By Rafiq Raji, PhD
When I woke up to the news in late February of a confirmed case of COVID-19 in Nigeria, quite frankly, I was not surprised. It was inevitable; after cases started emerging in Europe, at least. With the benefit of hindsight, it is probably a good thing that our land borders had been closed a long while before the outbreak reached our shores. The border closure did not make sense economically at the time. But bizarrely and even paradoxically, it has turned out to be a blessing in disguise.
I am not really interested in what it is, COVID-19 or coronavirus; such fancy names, they give these viruses. As an individual, the best you can do is what you should ordinarily do in normal times: maintain good hygiene, eat healthy, exercise regularly, and so on. There are additional measures, of course. In figuring these out, I have been doing some reading. Yes, one follows the regular updates by the federal and state governments, World Health Organisation and others. But it is also important to understand what underpins the measures they announce and the advice they give.
In Nigeria, based on my own observations, our best shot at dealing with the crisis is finding and isolating whoever is infected before he or she mixes with the general population. This is because even as the majority of Nigerians desire to live clean and healthy lives, the poor circumstances of the majority of us suggest this remains a desire than reality for most. Thus, an outbreak of Chinese or Iranian proportions would almost certainly be devastating. We must not allow that to happen. And it is in our power to do so. How so?
The Chinese and Iranians made a couple of mistakes. There is a natural tendency to hide the undesirable for sometimes justifiable reasons like avoiding a panic, bad press and so on. But there are exceptions. It is widely known that a disease outbreak with the potential to become an epidemic or pandemic, must be quickly contained and communicated. The natural tendency is to hope that a full containment would make the latter needless. Time and time again, this has proven not to be the case.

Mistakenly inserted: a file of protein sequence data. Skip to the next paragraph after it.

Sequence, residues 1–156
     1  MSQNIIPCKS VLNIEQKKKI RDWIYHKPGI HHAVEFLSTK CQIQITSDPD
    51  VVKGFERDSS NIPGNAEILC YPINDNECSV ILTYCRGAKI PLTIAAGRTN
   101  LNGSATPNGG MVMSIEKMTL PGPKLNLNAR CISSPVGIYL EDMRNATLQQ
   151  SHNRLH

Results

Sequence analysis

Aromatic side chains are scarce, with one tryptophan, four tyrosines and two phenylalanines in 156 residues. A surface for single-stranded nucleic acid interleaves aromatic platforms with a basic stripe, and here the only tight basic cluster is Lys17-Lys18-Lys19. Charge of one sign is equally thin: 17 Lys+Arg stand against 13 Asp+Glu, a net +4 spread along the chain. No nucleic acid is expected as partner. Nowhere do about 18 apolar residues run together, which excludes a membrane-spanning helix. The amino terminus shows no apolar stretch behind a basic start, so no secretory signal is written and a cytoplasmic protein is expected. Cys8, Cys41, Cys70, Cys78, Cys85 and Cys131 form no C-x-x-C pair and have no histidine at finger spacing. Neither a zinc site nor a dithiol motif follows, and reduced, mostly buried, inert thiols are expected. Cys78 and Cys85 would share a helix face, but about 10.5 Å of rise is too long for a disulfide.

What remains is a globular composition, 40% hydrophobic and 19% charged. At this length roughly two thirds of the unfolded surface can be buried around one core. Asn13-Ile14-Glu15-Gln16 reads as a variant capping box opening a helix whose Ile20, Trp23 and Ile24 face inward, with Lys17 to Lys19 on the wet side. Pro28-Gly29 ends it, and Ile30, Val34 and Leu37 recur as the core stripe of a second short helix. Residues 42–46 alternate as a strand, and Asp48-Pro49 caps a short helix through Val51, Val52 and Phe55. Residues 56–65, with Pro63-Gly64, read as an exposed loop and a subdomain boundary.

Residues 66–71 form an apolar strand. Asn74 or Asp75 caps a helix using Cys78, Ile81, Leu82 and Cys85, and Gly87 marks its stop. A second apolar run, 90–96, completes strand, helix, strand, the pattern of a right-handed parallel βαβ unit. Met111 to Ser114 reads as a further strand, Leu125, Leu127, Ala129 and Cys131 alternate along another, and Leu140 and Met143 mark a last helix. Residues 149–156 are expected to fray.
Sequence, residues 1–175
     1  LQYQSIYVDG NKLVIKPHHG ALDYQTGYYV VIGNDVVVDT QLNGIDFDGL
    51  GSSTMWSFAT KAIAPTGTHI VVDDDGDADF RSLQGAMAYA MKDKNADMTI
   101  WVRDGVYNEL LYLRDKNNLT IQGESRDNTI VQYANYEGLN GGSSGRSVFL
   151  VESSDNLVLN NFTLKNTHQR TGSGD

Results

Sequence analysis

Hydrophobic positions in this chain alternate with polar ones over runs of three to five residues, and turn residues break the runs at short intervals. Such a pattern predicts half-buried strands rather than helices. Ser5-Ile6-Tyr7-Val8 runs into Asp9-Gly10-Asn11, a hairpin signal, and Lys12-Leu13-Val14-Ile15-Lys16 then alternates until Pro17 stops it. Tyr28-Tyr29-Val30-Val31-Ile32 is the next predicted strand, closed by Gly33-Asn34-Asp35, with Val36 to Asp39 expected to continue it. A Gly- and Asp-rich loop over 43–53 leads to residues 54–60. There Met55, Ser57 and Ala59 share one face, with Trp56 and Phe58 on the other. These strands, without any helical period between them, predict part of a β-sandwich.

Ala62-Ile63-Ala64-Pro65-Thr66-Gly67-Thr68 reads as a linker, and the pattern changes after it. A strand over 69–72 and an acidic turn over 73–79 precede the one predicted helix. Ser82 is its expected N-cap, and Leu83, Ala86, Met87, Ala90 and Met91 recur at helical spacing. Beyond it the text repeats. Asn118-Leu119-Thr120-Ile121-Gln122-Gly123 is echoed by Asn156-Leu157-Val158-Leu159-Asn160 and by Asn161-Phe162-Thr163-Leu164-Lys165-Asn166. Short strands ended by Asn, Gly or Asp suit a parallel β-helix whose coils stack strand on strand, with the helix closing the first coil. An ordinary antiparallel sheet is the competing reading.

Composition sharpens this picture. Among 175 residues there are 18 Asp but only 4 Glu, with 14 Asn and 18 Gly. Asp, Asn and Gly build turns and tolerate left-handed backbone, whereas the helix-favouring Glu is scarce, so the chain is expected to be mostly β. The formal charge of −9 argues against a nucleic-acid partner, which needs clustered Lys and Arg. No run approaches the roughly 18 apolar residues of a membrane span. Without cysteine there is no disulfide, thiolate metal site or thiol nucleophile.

Health epidemics are eventually revealed, no matter how hard a government tries to hide the facts initially. And the very measures, which if taken much earlier, would have prevented a worsening of the situation, tend to be implemented eventually. To find answers and put my observations in context, I read London School of Hygiene & Tropical Medicine associate professor Adam Kucharski’s 2020 book “The Rules of Contagion: Why things spread – and why they stop”. It was one of a couple of books recommended by the Financial Times for readers who might be interested in understanding epidemics – or pandemics if global – as we all grapple with the current one. I found some of Kucharski’s insights to be very instructive and shall share them forthwith.
A disease outbreak typically has four main stages: spark, growth, peak and decline. And in some cases, it is a cycle, repeating the four stages continously until the end. In my view, the individual can take the most effective precautions at the spark and early growth stages. If you do nothing then, there is little else you would be able to do as an individual that would likely really matter. Coercive measures, like quarantines, curfews, school closures, restrictions on public gatherings, and so on tend to be implemented by the authorities at the high growth stage. That is, when it is abundantly clear that an outbreak has reached epidemic proportions. But the individual who has not done the needful, like stocking up (not hoarding) on essentials, etc. would be greatly inconvenienced at this stage. Because at this time, it would take longer to procure these things and you would probably not get everything you seek. Thankfully, our situation in Nigeria has not reached that level yet.